"Many organizations, such as the U.S. National Institute on Alcohol Abuse and Alcoholism [NIAAA], recommend lower drinking levels as people get older or have more chronic diseases," said lead researcher Dr. Benjamin Han, an assistant professor of geriatric medicine at NYU Langone Health in New York City.

Other studies have documented increasing alcohol consumption in the United States and worldwide, he said.

Binge drinking is generally defined as consuming five or more alcoholic drinks at a time. NIAAA suggests seniors cap their alcohol intake at three drinks a day.

Because the new study used the higher cutoff, it may actually underestimate how common binge drinking is among U.S. seniors.

Han isn't sure why binge drinking is on the rise among older people, but he has a theory.

"It is possible," he said, "that the increase in binge drinking is partly driven by increases by older women."

Although their male counterparts are more likely to binge, older women are catching up. Binge drinking among older men remained relatively stable between 2005 to 2014.

Han says doctors should screen older adults for "unhealthy alcohol use, including binge drinking, even if it is not frequent."

For the study, his team collected data on nearly 11,000 U.S. adults 65 and older who took part in the National Survey on Drug Use and Health between 2015 and 2017.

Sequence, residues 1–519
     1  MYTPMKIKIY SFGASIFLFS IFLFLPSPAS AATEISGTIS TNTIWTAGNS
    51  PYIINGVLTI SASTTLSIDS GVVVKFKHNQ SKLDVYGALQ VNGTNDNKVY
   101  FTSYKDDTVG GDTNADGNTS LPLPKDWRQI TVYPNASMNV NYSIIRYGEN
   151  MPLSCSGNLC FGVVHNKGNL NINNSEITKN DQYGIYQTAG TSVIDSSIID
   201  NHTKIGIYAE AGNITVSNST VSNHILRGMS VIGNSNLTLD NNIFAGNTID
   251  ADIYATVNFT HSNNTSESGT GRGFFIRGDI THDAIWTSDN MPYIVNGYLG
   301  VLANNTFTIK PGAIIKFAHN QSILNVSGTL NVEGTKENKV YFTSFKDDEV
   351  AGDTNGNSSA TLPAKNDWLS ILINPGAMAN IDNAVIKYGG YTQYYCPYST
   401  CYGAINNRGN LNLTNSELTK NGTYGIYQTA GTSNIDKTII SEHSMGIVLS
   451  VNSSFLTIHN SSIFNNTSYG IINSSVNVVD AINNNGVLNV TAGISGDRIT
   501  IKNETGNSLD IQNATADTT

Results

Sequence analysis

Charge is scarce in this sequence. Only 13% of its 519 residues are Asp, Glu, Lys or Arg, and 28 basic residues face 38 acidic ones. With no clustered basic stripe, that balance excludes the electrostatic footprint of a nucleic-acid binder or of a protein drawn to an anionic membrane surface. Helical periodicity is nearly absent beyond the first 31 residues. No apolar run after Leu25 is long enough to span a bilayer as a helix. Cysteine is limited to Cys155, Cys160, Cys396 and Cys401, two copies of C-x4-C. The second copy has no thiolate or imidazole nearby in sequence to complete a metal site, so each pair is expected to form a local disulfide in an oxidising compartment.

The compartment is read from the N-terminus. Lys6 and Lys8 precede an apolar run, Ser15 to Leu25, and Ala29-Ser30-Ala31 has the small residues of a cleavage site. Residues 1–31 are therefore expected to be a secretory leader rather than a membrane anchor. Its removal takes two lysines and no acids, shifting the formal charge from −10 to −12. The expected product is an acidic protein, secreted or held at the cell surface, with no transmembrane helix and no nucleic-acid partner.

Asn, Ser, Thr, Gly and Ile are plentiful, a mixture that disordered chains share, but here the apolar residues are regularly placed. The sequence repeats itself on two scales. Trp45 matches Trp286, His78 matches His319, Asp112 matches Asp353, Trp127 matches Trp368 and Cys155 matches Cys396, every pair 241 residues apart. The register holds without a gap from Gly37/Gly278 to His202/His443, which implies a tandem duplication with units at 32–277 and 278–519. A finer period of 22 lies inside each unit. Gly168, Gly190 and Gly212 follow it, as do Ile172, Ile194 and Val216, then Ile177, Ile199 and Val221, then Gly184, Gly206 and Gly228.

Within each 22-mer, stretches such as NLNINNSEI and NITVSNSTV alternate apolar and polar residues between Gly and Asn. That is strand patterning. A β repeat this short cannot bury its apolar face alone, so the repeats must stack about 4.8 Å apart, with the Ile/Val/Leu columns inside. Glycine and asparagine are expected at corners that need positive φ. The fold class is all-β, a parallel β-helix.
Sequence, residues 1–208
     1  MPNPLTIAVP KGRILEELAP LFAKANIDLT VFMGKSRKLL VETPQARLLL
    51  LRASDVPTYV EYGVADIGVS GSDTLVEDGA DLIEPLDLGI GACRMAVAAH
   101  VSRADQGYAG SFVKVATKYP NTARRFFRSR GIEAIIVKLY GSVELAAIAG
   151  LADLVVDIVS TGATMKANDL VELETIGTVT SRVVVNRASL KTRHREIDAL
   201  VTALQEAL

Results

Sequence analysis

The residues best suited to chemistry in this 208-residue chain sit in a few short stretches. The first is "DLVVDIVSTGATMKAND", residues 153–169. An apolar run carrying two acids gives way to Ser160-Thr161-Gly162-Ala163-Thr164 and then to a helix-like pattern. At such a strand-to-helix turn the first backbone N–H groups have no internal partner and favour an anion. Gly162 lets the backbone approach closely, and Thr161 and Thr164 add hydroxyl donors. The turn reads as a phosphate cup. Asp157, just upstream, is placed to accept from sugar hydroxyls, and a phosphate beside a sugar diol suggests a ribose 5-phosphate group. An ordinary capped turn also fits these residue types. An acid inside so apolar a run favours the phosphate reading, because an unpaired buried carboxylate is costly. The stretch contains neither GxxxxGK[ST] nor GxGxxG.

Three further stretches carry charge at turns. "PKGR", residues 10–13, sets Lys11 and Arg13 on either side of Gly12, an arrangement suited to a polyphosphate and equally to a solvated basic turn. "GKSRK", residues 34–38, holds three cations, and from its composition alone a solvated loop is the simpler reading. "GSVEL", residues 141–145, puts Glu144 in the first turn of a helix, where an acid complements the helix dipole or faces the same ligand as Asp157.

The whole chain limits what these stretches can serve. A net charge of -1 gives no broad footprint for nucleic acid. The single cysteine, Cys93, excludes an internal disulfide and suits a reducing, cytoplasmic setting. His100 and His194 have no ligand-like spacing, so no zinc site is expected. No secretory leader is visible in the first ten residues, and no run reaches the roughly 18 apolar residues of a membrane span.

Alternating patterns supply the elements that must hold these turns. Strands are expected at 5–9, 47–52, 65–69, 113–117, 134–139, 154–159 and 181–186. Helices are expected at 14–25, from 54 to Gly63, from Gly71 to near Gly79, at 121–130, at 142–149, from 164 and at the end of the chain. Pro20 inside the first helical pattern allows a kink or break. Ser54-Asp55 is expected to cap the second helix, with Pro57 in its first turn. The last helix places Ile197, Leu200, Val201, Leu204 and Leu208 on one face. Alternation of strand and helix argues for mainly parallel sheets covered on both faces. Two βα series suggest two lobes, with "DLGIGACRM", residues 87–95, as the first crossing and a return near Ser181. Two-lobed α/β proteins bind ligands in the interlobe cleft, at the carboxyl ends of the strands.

Of those, 10.6% had binged in the past month, the study found. That was up from previous studies. Between 2005 and 2014, between 7.7% and 9% of older Americans were binge drinkers.

Blacks and people with less than a high school education were more likely to do so, the researchers found.

They found no link between binge drinking and mental disorders or a higher incidence of chronic diseases. Among senior binge drinkers, the most common chronic diseases were high blood pressure (41%), heart disease (23%) and diabetes (18%).

Still, researchers warned that excessive drinking can make chronic diseases worse and lead to accidents.

That binge drinking is increasing is worrisome, said Dr. James Garbutt, medical director of the Alcohol and Substance Abuse Program at the University of North Carolina at Chapel Hill.

"By definition, binge drinking means drinking to the point of intoxication," said Garbutt, who wasn't involved with the study. "In older adults, that increases risks of falls, other accidents, blackouts, cognitive impairment, depression and suicide."

Plus, alcohol makes high blood pressure worse and is a significant factor for dementia, he said.

"It seems we need to educate older adults about these risks and encourage them that if they are going to drink alcohol, to limit intake to one to two standard drinks and try not to drink daily," Garbutt said.

If people find they can't drink without a binge, they should talk with their doctor or a counselor and consider a period of abstinence to see how they feel, he said.

"Reducing or stopping drinking could be one of the best things they do for their health, and many are surprised at how good they feel," Garbutt said.

The report was published July 31 in the Journal of the American Geriatrics Society.

More information

For more on binge drinking, head to the U.S. Centers for Disease Control and Prevention.




Facebook

Amazon Smile

To quit smoking, call Connecticut QuitLine at 1-800-QUIT-NOW.

Children and Adult services are available now with no wait time.  Please contact HBH Intake Department at 860-548-0101, option 2.

 


powered by centersite dot net